Gympie Sewage Treatment and Processing Plant

Topics: Sewage treatment, Anaerobic digestion, Environmental engineering Pages: 27 (5909 words) Published: March 29, 2013


Title page

Contents pages

1.0 Project introduction and background

2.0 Project approvals required

3.0 Site location

4.0 Site geology

5.0 Project description of old system

5.1 Inlet

5.2 Three clarifiers

5.3 Digesters

5.4 Sludge bags

5.5 Three trickle filters

5.6 Settling lagoon

6.0 Additions and conversions

7.0 Project description of new system

7.1 Inlet

7.2 Storage tanks

7.3 Bioreactor

7.4 Two clarifiers

7.5 RAS pump station

7.6 Aerobic digester

7.7 Sludge press

7.8 Three sand filters

7.9 Chlorine holding tanks

7.10 Settling lagoon

8.0 Materials used on site and their sources

8.1 Concrete

8.2 Steel

8.3 Chlorine

8.4 PP and PVC (pipes, valves)

8.5 Filter bed material (rocks, gravel, sand)

8.6 Pumps and compressors

9.0 Construction methods used

9.1 Excavation and landscaping earthworks

9.2 Formwork and scaffolding

9.3 Steel reinforcement

9.4 Drilling and blasting

9.5 Piling

9.6 Hoisting and fitting

10.0 Plant used

10.1 Shovel bucket

10.2 Backhoe

10.3 Grader

10.4 Tamping foot roller

10.5 Truck

10.6 Crane

11.0 Management structure of the project

11.1 Preliminary investigation and final project definition

11.2 Planning and design

11.3 Contracting, construction and operation

12.0 Safety, environmental and traffic management

12.1 Safety management

12.2 Environmental management

12.3 Traffic management

13.0 Particular points of interest

14.0 Particular problems encountered on the project

15.0 Conclusions

16.0 References

Appendix 1 (a, b)

Appendix 2 (a–x)

1.0 Project introduction and background

The Gympie Sewage Treatment and Processing Plant project began in 2008 and is due to finish in June 2011. It is designed to process sewage from all of Gympie and nearby surrounding areas. Essentially, the project is an upgrade to new system from an existing inferior old system. The cost of old system’s construction was $15 million, and the upgrade cost is estimated as $22 million. The old system was built in 1964 when Gympie’s population was 12 000, and the system was capable of processing wastewater produced by 15 000 EP (equivalent persons). The population of Gympie in the year 2000 was only 15 400 and in 2005 was 18 700 but increased to 21 000 in 2008 and therefore a decision was made to upgrade. In 2008, 6 ML/day (megalitres per day) of ‘Class D–’ sewage effluent was being released into the Mary River, the main river in Gympie. The sewage only underwent minor chlorine treatment, sludge was filtered out, and remaining liquid was discharged into the river.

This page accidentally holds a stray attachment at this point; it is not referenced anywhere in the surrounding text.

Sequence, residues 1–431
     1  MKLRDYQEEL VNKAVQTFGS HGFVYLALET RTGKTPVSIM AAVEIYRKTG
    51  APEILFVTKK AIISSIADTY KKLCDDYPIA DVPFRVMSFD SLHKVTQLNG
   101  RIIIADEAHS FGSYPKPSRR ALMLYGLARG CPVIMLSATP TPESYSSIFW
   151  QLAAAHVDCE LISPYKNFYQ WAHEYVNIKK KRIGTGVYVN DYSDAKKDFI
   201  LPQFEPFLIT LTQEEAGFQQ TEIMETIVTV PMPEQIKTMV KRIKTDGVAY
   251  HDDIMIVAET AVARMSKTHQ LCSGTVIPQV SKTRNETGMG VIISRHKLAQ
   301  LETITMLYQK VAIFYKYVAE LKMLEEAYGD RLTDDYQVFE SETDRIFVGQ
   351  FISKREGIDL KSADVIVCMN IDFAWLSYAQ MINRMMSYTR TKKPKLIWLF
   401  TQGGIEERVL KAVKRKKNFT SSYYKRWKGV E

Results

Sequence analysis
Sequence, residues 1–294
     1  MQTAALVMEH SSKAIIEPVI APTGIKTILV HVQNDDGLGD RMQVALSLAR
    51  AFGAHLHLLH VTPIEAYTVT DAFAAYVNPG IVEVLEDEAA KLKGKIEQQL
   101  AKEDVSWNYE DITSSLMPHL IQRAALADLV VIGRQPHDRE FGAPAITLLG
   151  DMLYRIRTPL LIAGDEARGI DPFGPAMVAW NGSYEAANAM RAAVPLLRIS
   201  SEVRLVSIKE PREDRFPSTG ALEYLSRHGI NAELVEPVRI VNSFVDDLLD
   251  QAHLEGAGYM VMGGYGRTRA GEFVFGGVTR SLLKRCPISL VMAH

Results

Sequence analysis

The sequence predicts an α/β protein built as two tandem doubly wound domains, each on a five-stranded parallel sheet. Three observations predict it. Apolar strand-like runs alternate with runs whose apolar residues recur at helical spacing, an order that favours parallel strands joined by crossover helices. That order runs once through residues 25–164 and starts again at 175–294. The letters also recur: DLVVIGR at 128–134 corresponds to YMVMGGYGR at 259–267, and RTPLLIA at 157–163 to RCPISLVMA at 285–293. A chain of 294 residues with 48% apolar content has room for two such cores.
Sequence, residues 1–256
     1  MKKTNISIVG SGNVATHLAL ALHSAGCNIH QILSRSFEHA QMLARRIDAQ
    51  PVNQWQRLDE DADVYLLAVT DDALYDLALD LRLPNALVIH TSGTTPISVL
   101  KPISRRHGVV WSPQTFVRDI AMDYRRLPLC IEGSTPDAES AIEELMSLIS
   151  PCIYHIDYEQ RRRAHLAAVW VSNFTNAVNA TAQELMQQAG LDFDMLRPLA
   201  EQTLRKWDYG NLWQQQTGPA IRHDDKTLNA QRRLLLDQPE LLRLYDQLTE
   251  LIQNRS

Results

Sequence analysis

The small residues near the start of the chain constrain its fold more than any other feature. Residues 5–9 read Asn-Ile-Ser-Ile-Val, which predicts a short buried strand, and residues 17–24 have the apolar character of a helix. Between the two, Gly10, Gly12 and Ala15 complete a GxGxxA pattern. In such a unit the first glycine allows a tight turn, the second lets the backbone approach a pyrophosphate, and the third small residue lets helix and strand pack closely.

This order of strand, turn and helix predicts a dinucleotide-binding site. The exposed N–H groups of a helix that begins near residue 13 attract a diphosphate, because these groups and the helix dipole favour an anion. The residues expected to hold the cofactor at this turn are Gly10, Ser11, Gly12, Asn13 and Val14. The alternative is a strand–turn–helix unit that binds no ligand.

There were unpleasant odours for nearby areas, large quantities of harmful nitrogen, compounds phosphorous compounds and BOD (biological oxygen demand) emissions, polluting the water and making it unsuitable for fish life, marine habitats, or any human contact in nearby concentrated areas. Some workers received infections from handling the effluent just before its discharge into the river.

The effluent was unapproved by the Queensland EPA (Environmental Protection Authority) and DERM (Department of Environment and Resource Management) to be released into river. Thus a new system was devised with better, multiple treatments and filtering to produce Class A (certified by EPA) effluent, of which only 4.5 ML would be discharged into Mary River, 0.7 ML would be irrigated around the site and the remaining 0.8 ML would be channelled to golf courses, sports landscapes and tree plantations.

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